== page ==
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Gender inequality and adolescent suicide ideation across Africa, Asia, the South Pacific and Latin America: a cross-sectional study based on the Global School Health Survey (GSHS)
Umeå University, Faculty of Medicine, Department of Epidemiology and Global Health.
Umeå University, Faculty of Medicine, Department of Epidemiology and Global Health.ORCID iD: 0000-0001-6720-2430
Umeå University, Faculty of Social Sciences, Department of Social Work.ORCID iD: 0000-0002-0199-0435
Umeå University, Faculty of Social Sciences, Department of Social Work. Center for Research on Child and Adolescent Mental Health, Karlstad University, Karlstad, Sweden.
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2019 (English)In: Global Health Action, ISSN 1654-9716, E-ISSN 1654-9880, Vol. 11, article id 1663619Article in journal (Refereed) Published
Abstract [en]

Background: Suicide ideation is a health issue affecting adolescents worldwide. There are significant variations in suicide ideation between countries and genders, which have not been fully explained. Research is especially lacking in countries outside Europe and North America. Gender equality has been shown to matter in other aspects of adolescent mental health, such as life satisfaction, but has not been researched in relation to suicide ideation at national level.

Objective: To investigate how national gender inequality is related to self-reported suicide ideation among adolescents, and whether this association differs between boys and girls.

Methods: This is a cross-national, cross-sectional study using individual survey data from the Global School-based Student Health Survey, a survey in Africa, Asia, Latin America and the South Pacific, developed and supported by among others the WHO and the CDC; connecting this to national data: the gender inequality index from the UNDP; controlling for GDP per capita and secondary school enrolment. The data was analysed using a multilevel logistic regression method and included 149,306 students from 37 countries.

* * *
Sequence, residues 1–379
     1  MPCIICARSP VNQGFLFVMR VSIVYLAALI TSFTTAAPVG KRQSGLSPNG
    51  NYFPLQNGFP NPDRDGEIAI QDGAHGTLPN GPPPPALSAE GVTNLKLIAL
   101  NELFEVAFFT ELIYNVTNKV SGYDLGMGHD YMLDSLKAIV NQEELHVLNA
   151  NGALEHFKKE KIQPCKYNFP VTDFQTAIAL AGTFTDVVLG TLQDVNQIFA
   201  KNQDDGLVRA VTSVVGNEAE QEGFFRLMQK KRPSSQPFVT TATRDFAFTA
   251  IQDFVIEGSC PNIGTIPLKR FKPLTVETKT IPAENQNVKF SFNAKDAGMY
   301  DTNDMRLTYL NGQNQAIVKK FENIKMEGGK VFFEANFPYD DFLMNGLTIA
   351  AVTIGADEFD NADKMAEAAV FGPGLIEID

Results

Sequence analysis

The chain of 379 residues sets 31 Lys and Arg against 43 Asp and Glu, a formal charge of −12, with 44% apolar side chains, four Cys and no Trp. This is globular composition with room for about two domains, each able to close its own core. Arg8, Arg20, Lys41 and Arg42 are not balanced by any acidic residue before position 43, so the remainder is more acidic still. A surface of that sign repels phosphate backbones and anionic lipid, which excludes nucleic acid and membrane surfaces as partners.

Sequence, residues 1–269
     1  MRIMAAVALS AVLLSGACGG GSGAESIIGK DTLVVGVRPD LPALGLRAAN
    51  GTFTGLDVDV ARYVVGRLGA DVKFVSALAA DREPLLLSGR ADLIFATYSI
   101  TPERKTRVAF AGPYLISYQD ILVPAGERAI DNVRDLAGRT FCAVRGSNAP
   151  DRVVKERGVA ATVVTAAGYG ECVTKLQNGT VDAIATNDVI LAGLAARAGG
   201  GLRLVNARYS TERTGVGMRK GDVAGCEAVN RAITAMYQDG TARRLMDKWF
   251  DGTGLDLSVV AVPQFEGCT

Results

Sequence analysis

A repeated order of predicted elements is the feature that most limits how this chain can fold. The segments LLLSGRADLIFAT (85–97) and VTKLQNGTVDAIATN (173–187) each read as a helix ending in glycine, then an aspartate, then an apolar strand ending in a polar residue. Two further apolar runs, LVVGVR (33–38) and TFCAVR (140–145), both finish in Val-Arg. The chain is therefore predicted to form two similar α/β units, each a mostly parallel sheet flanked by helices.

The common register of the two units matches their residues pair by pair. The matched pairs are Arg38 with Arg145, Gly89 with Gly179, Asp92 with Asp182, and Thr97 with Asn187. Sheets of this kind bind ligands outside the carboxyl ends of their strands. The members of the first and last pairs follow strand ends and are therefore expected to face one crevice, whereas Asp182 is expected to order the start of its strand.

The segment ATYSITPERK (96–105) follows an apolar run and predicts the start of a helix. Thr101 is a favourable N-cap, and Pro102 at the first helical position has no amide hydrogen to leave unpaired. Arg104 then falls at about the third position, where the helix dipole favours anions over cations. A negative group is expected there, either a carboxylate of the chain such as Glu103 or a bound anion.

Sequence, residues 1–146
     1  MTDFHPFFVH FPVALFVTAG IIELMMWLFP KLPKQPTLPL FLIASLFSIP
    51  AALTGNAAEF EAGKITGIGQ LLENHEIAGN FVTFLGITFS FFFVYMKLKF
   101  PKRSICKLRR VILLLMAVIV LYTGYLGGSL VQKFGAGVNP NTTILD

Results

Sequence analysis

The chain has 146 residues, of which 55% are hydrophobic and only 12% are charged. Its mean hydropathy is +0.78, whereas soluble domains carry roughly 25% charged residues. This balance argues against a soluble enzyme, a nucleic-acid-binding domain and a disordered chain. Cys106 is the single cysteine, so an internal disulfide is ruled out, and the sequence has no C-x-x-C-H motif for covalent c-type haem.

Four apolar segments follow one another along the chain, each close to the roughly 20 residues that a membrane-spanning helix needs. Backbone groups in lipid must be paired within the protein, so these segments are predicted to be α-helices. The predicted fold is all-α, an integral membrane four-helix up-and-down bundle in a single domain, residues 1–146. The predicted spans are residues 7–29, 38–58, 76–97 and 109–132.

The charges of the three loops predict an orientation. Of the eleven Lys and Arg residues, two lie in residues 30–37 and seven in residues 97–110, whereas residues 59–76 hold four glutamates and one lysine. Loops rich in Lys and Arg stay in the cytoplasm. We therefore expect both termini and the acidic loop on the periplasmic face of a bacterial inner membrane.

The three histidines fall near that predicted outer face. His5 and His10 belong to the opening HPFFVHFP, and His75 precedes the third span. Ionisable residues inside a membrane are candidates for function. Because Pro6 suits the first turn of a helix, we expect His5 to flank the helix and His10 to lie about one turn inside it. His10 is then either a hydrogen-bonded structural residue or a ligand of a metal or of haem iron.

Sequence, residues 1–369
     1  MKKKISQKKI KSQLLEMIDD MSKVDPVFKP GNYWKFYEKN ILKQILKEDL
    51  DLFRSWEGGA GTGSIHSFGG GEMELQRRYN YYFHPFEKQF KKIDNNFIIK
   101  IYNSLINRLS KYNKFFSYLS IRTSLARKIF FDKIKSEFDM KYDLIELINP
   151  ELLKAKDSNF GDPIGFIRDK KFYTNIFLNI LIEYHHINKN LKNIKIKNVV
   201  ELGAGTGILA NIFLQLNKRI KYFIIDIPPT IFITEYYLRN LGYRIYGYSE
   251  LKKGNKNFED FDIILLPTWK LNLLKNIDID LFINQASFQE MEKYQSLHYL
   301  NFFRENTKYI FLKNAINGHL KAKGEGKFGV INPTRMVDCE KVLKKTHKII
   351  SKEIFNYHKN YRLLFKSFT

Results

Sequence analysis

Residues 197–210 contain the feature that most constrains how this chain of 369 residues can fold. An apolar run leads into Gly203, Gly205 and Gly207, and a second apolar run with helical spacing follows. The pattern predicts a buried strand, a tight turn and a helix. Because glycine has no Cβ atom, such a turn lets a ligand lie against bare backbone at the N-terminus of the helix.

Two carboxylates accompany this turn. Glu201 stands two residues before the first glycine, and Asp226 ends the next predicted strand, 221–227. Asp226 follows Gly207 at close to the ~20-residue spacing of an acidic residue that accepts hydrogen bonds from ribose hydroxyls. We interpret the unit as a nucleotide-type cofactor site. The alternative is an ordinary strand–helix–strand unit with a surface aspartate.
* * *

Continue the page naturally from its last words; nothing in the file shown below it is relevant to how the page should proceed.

Results: Higher national gender inequality, as measured by the gender inequality index, was significantly associated with a higher likelihood of suicide ideation in both girls and boys (odds ratio: 1.38 p-value: 0.015), but for girls and both sexes this was only after adjusting for selection bias due to secondary school enrolment (as well as GDP/capita). Interaction models showed that this association was stronger in boys than in girls.

Conclusions: National gender inequality seems to be associated with higher levels of suicide ideation among adolescents in mainly low- and middle-income countries, especially among boys.

Place, publisher, year, edition, pages
Taylor & Francis, 2019. Vol. 11, article id 1663619
Keywords [en]
Gender equality, adolescents, suicide ideation, global health, mental health, child, inequality, low income populations, gender, suicide
National Category
General Practice Public Health, Global Health, Social Medicine and Epidemiology
Research subject
Family Medicine
Identifiers
URN: urn:nbn:se:umu:diva-164000DOI: 10.1080/16549716.2019.1663619Scopus ID: 2-s2.0-85072558412OAI: oai:DiVA.org:umu-164000DiVA, id: diva2:1360167
Note

SPECIAL ISSUE: Gender and Health Inequality

Available from: 2019-10-11 Created: 2019-10-11 Last updated: 2019-10-15Bibliographically approved

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Petersen, SolveigHögberg, BjörnStrandh, MattiasJohansson, Klara

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